Our company went to Florida for our annual company retreat. I'm still not sure how I feel about them.
For companies like ours with a large number of remote employees, a retreat is a chance to change up the routine, break out of the video calls, bond a little, and smell those you haven't met in person.
The basics of the retreat are simple: we rent a few houses somewhere in the world and fly everyone there to live together, usually for around 7-10 days.
Our first retreat in 2013 was in the Bahamas, then Spain in 2014, then this was our second in Florida.
When I tell people about our retreats, I'm generally met with envy. "Oh wow, how can I get a job there!" is a phrase I've heard more than a few times.
But are they good things, either from a personal perspective or a company one?
Importantly for the former -- they aren't a vacation. You're working. Nothing wrong with that, of course, but you're working away from your usual setup. For those of us who work from home it can be a bit off-putting. Easy-to-prep food, family support, routine and the multiple screens of a home office are the cornerstones of remote work productivity.
I struggle to be as productive on a 13" laptop on a wobbly chair at a dining table in a rental home.
And yet, it's a damn nice change of pace when you spend way too much of your life in one place.
[caption id="attachment_957" align="alignnone" width="640"] You forget, after a long winter, what the sun can actually do to your mood.[/caption]
They're also usually somewhere sunny. Sun and warmth, especially in February, is something you want to get out and enjoy.
Focus can be a challenge. We were, afterall, next to Disney World.
We didn't go to Disney World but I did have to go to the Kennedy Space Center:
[caption id="attachment_947" align="alignnone" width="640"] Space Shuttle Atlantis' Nose and My Nose[/caption]
[caption id="attachment_949" align="alignnone" width="640"] Saturn V Stage 2 Boosters[/caption]
[caption id="attachment_950" align="alignnone" width="640"] Rocket in the sun[/caption]
So it can be hard to focus and get real work done.
On the other hand, you can't replace the in-person factor. Even meeting up once or twice a year strengthens relationships and makes everyone more empathetic, more open, and better at communication.
Solid communication is what remote companies live and die on.
[caption id="attachment_953" align="alignnone" width="640"] Dave, Andrew, Nicolas and Hugh laughing about code or something.[/caption]
For me personally, the sun and I are not friends. I also don't swim. So I'm not tempted to spend much time outside when we go to a warm, beach-adjacent locale. I'm usually the one who stays at the house while everyone else goes on an adventure. No problem, perfect time to focus and get some work done.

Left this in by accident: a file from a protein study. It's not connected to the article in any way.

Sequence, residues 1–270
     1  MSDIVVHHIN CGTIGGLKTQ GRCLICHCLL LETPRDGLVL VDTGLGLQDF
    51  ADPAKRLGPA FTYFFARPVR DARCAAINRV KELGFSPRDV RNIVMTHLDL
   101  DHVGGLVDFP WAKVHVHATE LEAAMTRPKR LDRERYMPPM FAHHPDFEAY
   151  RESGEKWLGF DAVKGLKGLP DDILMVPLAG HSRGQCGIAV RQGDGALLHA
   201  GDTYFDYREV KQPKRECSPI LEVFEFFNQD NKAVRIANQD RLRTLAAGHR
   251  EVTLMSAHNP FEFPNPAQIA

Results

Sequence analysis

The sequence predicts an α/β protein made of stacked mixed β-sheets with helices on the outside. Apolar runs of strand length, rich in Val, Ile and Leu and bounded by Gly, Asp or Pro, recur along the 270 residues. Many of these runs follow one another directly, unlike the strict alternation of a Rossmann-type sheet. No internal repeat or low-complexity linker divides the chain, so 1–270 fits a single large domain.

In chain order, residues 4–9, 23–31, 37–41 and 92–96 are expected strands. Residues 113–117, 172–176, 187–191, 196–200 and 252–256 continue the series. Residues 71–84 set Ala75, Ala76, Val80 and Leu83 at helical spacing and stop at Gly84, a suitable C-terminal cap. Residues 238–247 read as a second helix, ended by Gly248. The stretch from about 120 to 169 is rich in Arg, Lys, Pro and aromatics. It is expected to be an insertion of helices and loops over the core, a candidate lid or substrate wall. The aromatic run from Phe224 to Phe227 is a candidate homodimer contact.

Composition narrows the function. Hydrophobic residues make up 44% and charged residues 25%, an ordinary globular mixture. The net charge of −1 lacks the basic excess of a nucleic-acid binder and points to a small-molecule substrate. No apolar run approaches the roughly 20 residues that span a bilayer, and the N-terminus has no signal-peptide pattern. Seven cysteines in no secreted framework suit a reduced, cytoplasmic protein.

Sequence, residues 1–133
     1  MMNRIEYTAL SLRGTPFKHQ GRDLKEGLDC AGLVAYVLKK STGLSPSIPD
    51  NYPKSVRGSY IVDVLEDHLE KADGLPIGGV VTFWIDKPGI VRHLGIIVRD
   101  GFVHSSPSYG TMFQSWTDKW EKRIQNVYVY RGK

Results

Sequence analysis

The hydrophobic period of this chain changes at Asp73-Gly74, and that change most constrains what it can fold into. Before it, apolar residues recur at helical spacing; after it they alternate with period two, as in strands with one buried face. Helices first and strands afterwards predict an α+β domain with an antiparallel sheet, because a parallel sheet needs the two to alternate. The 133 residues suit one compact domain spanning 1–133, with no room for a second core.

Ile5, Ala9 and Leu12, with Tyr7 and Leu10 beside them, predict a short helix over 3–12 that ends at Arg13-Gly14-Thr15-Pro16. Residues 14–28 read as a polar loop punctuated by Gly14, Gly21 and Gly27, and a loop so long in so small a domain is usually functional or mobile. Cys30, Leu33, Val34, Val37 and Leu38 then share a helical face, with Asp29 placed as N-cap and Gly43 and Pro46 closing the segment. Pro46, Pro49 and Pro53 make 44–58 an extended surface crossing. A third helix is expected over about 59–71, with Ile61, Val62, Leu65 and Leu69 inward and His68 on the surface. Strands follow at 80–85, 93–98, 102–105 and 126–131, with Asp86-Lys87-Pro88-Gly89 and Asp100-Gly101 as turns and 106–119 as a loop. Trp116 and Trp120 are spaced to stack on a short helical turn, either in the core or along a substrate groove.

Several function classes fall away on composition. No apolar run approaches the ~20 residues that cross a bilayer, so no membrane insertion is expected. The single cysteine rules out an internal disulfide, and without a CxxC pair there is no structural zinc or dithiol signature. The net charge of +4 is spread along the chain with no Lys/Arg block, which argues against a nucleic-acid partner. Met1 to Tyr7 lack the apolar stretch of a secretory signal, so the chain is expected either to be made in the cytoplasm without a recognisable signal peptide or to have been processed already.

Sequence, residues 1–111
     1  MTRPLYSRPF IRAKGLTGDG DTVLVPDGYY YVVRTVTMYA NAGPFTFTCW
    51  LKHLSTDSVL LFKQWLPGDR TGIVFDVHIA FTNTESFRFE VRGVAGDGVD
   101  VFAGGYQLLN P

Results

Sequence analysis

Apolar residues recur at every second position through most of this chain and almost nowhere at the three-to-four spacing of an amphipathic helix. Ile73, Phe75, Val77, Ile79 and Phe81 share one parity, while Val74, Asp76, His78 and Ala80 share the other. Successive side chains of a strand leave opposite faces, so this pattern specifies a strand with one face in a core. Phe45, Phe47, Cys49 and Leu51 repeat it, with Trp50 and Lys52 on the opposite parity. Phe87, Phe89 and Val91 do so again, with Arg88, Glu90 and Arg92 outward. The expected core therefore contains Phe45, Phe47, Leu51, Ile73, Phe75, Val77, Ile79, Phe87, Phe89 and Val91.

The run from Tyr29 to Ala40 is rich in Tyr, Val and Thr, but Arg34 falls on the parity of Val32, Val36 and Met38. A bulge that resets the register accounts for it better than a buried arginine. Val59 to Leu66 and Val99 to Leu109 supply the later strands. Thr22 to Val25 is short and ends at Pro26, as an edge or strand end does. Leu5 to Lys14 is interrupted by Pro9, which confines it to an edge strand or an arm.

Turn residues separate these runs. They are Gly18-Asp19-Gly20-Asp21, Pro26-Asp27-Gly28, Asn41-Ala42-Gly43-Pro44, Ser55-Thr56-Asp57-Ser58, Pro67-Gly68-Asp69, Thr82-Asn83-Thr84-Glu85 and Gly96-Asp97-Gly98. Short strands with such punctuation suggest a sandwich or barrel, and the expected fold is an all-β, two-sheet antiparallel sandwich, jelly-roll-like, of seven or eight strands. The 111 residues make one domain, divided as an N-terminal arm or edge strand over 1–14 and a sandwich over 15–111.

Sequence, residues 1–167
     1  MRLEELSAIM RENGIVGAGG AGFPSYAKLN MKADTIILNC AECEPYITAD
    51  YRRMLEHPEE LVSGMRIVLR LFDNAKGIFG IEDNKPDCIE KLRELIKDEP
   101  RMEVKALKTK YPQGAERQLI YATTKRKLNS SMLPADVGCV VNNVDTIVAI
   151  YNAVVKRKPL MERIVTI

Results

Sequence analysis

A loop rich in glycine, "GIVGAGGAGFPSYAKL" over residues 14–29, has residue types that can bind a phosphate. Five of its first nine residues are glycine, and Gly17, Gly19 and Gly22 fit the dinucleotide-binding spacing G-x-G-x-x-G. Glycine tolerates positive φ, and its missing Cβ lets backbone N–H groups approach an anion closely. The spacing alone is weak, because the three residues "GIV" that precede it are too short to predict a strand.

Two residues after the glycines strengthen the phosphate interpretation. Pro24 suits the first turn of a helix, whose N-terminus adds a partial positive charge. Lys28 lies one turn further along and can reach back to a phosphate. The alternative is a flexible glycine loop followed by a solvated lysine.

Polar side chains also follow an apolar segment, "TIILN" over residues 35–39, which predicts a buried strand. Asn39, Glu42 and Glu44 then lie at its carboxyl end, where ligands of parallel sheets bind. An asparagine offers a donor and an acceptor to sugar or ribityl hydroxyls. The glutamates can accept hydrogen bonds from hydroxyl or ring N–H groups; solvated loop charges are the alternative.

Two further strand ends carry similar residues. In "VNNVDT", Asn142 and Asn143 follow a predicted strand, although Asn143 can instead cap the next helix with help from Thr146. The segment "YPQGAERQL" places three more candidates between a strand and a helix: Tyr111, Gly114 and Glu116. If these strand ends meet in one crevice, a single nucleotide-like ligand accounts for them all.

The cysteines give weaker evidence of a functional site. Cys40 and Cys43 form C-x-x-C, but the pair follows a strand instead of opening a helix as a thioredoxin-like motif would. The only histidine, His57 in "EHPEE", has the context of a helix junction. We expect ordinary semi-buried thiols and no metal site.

[caption id="attachment_952" align="alignnone" width="640"] Rainy day poolside. Another great time to get some work done.[/caption]
[caption id="attachment_951" align="alignnone" width="640"] My feet in our pool. This is as close as I get to water. [/caption]
So there's a lot of value in the face-to-face aspect of a retreat.
But I'm not convinced a company retreat is a great place to get work done, even if it's where I've done some great work myself.
My opinion is still open on their place in the remote culture. That's good. Remote companies, after all, are still very much in the experimental stage. And what works for one won't work for others.
We should always be changing it up to see what works best.
[caption id="attachment_954" align="alignnone" width="640"] We played a lot of Secret Hitler.[/caption]
[caption id="attachment_955" align="alignnone" width="640"] Everyone's a fascist (in the game)[/caption]
One thing I've noticed is that the organizational / logistical challenge increases as team size increases. Four people in an early startup phase can get up and go on little notice. Ten takes a bit more. Fifty people, no matter how much you plan, will be hard to get all together at one time.
A lot has been written about the optimum team size being somewhere around 5-8 people. Perhaps team retreats of that size are the best balance. So instead of sending the whole company at once, you chunk it up. This could also give the advantage of more exposure to any C-level or other managers that are normally split between teams on a retreat.
Does remote make sense?
I go back and forth. I've had great experiences with our remote teams. Lots of great software and companies are built by remote teams. But there is something intangible about co-location.
There's a sweet spot between full-remote and 9-5. The "local remote" company. That is, everyone is in the same town (or same area, with a few hour radius) but everyone works from home most of the time. Keeping everyone relatively close, even if it's a 2-hour train, means you can get together enough for meetings and drinks and meals while keeping the main productivity remote. Office optional.
I haven't heard of that model yet, but I'd be interested to hear about anyone trying it.
I know for me, I live just a short walk from the beautiful Crew Cafe, but I still work from home 90% of the time. I get more done.
But I also know what a god damn good time we had in Florida. Partly because it was an escape for all of us.
So the perfect remote work company structure still needs more experimentation. But at least we do know it's a step-up from mandatory office attendance.
[caption id="attachment_956" align="alignnone" width="640"] End of trip meal. Note the sweet potato covered in caramel and marshmallows.[/caption]